The Independent Voice of Southern Methodist University Since 1915

The Daily Campus

The Daily Campus

The Independent Voice of Southern Methodist University Since 1915

The Daily Campus

The Independent Voice of Southern Methodist University Since 1915

The Daily Campus


Computer Banning: A Complicated Issue

SMU/Andrew Hattersley
A Complicated Issue

A Complicated Issue (SMU/Andrew Hattersley)

As students gaze up at Dr Megan Murphy’s PowerPoint, many wish they had a computer to take notes.

But Murphy and many other professors have chosen to ban computers from their classrooms, despite an academic movement to blend technology and higher education.

Murphy said the benefit of the ban is that students are not going to be on Facebook or YouTube when they should be paying attention.

“I tend to view the laptop as an obstruction between myself and the student,” Murphy said,” It’s almost as though they can set up a barrier that protects them from participating.”

Dr. William Barnard has experienced many of the same frustrations, which drove him to also ban computers from his classroom.

“In a good class you know you want everyone on the same page,” Barnard said, “I mean I’ll go off the grid here, but I think there is a certain class energy that gets created, like collective consciousness.”

As Oscar Schechter furiously tries to scribble down the notes in his sociology class, the merits of a computer begin to shine a little brighter. Schechter admits losing the ability to type his notes does affect his ability to focus.

“Sort of in a way, all I do is scribble notes down, I don’t look at the teacher but at the same time I don’t really lose focus,” Schechter, a junior majoring in mechanical engineering, said.

Barnard certainly sees where the merits of computers lie, and actually sees it as a shame that more teachers cannot utilize this great tool.

“I had always let students bring in computers. Of course, you know it’s easier to take notes on the computer,” Barnard said.

Freshman Hannah Avery is allowed to use her laptop in all of her classes this semester.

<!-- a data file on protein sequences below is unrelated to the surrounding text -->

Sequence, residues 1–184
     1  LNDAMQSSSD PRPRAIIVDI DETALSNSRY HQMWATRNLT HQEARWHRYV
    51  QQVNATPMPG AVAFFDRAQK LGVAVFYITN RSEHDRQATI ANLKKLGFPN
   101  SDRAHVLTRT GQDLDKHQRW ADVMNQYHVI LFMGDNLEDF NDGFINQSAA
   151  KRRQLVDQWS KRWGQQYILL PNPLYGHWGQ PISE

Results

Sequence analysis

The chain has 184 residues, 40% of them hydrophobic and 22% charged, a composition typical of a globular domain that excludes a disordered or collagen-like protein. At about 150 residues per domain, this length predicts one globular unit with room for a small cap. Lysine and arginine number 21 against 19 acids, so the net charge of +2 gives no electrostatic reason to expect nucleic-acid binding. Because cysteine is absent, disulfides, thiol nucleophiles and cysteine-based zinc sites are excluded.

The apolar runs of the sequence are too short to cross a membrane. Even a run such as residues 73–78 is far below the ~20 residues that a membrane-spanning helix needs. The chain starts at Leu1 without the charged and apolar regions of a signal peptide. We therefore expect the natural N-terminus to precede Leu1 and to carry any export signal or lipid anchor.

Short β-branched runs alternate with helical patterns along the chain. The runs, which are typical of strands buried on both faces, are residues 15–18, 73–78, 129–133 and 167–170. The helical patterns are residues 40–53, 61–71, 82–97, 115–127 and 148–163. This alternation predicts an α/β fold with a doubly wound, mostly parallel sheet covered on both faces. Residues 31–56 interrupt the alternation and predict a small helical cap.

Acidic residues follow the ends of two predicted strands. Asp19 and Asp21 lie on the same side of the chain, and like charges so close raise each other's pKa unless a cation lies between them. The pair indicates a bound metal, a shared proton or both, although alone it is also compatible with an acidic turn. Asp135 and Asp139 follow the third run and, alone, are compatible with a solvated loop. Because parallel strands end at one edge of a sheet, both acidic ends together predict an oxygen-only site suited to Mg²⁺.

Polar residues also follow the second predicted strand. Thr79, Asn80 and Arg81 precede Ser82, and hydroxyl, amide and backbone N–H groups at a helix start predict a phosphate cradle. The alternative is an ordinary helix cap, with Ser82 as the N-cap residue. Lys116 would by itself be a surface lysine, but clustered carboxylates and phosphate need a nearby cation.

“For some classes it’s easier to take notes, but some classes it can be a distraction,” Avery said.

While distractions exist when students use their laptops in class, banning the computers doesn’t necessarily mean those problems end, some students say.

“Nobody paid attention the first half of the semester, now students just sit in the back and use them and the professor doesn’t really say anything,” Ryan Stoker, a freshman, said.

Many professors such as Murphy and Barnard understand the risks involved with banning computers from classrooms but believe computers are more distracting.
“I do think students are much more likely to become distracted with a computer in front of them during class,” Murphy said.

One area that Murphy and Barnard did concede is that in certain classes it is certainly is necessary to have a computer.

“I acknowledge that there are certain courses, and even specific times in other courses when laptops and in class research is beneficial,” Murphy said. “Many of my colleagues use laptops in class as students do research or work on group projects and presentations.”

Barnard agreed with Murphy in that in the right place, computers can be a great tool but is just not conducive to a productive class.

“I’m sorry because it’s sort of a loss in certain ways there are advantages that can happen but unfortunately students don’t seem disciplined enough,” Barnard said. “I don’t trust that students will not just get pulled by that because even when I say no you can’t, they’ll still hide behind the name plaques with their phones and text.”

However, one possible solution to the ongoing problem might already be in the works. According to Stoker, one of his classes has found a way to mesh the two ideals together.

Stoker described the new idea, “One of my teachers allows computers if you sit in the front so teachers can see your computers.”


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